The purpose of this course is to provide students with a good understanding of the analytical tools economists use to analyze economic issues dealing with the behavior of economic units such as consumers and firms. Students will learn that even seemingly non-economic (social) problems often have economic dimensions that can be usefully examined with economic tools of analysis. The course will build upon the foundation
laid in the two introductory economics courses. It is required that students taking this
course have successfully completed both introductory micro and introductory macroeconomics.
AN IMPORTANT NOTE: Economics is principally a quantitative discipline. Most economic analyses make use of mathematical tools such as algebraic equations and graphs as well as calculus. The use of calculus in this course is, however, very limited and we primarily rely on algebra and graphical demonstrations. Nevertheless, students who have taken calculus can (and are encouraged to ) utilize their knowledge of calculus in conceptualizing certain economic concepts such as marginal utility, marginal product, etc.
We will start the course with a brief review of the "basic" economic problem and the theoretical framework within which economic models are developed. Within this context economic concepts such as scarcity, self-interest, opportunity cost, diminishing returns, price, and market equilibrium are revisited. A review of the supply and demand model will help us understand how economic models can be used to explain market interactions. Then we shall closely study the consumer theory, production and the theory of the firm and the conditions for market equilibrium under different market structures. Next we shall examine resource markets and income distribution under different market conditions. We shall also investigate market failures and study the issues related to public goods and externalities. The usefulness of an economic theory is measured by its application. That is why our discussions of economic models will always be accompanied by references to specific applications.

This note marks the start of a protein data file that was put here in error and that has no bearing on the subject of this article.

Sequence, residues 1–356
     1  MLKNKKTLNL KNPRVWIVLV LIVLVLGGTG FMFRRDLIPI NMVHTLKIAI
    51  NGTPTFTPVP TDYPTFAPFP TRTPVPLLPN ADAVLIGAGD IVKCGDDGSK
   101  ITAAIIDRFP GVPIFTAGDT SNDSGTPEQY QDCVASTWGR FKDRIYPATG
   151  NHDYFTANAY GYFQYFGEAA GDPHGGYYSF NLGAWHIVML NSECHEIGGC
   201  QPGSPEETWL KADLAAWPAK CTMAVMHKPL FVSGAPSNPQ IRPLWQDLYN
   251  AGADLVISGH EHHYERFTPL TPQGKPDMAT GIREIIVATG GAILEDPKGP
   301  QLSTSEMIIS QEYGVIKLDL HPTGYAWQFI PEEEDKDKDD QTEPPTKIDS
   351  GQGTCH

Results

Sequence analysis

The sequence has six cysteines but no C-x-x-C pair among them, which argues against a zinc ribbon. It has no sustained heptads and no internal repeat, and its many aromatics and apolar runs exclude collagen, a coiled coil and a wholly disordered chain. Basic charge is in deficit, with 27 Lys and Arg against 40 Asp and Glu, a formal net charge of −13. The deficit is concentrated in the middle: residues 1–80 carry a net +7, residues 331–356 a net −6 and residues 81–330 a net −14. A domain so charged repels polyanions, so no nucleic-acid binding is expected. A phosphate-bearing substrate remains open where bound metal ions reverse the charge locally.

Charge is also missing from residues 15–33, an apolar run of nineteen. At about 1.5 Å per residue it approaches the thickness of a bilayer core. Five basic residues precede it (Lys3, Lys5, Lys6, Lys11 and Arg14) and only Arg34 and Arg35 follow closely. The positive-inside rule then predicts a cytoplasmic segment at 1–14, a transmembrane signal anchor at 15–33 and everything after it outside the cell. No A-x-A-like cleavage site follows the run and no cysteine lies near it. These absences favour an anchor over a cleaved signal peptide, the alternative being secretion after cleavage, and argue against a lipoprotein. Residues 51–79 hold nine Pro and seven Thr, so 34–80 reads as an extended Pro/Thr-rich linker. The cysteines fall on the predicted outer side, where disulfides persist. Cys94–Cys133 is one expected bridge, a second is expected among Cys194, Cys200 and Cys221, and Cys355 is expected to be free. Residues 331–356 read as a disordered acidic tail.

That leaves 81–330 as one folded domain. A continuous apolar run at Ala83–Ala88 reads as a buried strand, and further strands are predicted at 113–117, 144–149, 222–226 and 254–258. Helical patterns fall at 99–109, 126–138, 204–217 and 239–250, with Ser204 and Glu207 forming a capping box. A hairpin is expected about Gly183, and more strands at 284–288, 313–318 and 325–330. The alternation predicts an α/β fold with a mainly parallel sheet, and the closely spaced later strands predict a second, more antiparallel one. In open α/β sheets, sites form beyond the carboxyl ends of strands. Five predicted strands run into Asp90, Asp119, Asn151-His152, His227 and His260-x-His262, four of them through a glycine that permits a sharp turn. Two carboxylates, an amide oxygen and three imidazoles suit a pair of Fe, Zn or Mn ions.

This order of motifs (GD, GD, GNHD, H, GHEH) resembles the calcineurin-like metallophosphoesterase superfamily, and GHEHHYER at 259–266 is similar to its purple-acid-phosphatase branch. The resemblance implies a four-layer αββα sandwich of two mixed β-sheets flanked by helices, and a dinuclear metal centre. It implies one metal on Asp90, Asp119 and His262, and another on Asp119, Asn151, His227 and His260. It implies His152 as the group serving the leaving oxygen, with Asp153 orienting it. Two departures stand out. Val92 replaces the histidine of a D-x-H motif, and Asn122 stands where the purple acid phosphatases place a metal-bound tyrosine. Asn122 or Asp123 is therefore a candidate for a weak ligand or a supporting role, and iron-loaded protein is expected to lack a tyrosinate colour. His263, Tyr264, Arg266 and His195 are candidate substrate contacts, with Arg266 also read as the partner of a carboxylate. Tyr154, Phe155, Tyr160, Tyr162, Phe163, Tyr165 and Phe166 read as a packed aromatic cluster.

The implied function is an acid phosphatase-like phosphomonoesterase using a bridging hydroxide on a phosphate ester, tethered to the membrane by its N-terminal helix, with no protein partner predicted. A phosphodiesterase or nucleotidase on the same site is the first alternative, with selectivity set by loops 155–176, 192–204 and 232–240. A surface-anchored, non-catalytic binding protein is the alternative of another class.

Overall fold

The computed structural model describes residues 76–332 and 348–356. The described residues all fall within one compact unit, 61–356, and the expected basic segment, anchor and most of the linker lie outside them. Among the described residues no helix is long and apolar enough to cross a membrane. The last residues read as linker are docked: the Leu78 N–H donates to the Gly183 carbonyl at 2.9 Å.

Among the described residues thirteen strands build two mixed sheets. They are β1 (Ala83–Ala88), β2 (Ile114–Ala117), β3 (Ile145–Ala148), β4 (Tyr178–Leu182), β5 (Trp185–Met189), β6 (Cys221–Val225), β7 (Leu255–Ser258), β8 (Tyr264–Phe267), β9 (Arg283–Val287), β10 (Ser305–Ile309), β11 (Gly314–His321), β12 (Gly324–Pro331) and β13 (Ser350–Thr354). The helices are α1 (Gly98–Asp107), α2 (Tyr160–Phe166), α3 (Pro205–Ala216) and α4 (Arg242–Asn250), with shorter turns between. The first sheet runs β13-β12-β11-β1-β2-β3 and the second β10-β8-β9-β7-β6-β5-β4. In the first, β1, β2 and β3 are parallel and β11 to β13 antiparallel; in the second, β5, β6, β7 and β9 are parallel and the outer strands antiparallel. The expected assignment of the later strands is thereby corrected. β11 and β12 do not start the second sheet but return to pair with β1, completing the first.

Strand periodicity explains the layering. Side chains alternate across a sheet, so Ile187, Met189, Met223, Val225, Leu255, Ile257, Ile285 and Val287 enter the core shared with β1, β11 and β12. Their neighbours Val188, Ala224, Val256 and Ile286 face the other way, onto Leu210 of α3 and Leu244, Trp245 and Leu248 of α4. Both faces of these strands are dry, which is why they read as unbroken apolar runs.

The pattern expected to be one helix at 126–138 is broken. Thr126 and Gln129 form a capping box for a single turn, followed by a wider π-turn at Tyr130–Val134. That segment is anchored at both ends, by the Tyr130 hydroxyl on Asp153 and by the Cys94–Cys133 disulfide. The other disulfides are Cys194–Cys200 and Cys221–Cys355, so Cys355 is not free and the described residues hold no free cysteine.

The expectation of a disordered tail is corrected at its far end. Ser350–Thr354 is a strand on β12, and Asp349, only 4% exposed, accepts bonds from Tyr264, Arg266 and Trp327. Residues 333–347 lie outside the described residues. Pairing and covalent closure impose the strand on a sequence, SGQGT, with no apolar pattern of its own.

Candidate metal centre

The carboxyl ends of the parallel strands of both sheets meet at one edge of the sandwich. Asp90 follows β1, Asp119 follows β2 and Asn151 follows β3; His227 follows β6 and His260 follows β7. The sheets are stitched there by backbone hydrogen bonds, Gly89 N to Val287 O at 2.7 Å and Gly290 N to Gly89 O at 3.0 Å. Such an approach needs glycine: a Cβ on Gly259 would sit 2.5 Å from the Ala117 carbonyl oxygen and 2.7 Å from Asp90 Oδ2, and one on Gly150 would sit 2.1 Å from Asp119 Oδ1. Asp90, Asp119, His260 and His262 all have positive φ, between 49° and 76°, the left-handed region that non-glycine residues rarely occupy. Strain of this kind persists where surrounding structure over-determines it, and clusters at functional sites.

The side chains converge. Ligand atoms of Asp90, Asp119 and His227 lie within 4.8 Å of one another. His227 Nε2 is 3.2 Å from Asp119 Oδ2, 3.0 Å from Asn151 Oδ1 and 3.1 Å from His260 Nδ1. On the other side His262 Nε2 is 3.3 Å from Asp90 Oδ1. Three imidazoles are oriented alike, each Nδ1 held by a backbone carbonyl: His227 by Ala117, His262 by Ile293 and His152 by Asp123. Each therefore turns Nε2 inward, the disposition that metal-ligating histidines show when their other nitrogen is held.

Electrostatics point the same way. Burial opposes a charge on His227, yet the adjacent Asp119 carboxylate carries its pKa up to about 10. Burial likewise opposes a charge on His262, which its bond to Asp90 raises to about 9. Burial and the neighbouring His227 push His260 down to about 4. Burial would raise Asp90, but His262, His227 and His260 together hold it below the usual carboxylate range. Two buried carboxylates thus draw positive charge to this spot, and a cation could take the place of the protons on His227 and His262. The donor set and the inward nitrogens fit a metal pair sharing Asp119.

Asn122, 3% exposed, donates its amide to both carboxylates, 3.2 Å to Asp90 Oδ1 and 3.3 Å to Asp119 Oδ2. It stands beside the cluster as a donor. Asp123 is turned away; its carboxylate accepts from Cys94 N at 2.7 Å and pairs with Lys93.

Microeconomics by Robert S. Pindyck and Daniel L. Rubinfeld, 6th Edition, Pearson Prentice Hall: 2005
(Optional) Study Guide (for Microeconomics by Pindyck and Rubinfeld, 6th Edition) by Jonathan Hamilton and Valerie Suslow, Pearson Prentice Hall: 2005
There will be three examinations as follows:
Test One...... W. October 6 ...................................25%
Test Two...... W. November10 ..............................30%
Final Exam .....F. December 17 (10:30am) ............ 35%
In addition to the exams students will be given regular homework assignments including (but not limited to) two or three essays. Through these essays students will be given an opportunity to reflect on some of the issues discussed in the course. The assignments will carry a maximum of 20 points that will be added to the points obtained from the exams. The course grades will be determined based on the distribution of the accumulated points.
Students are strongly urged to attend classes regularly and keep up with the reading and other assignments. Excessive absences could have an adverse effect on the student's performance evaluation. Make-up tests are given only when a student misses a test as a result a professionally diagnosed and treated illness and other documented extenuating circumstances. The make-up tests may or may not have the same format as scheduled tests.
The Course Outline: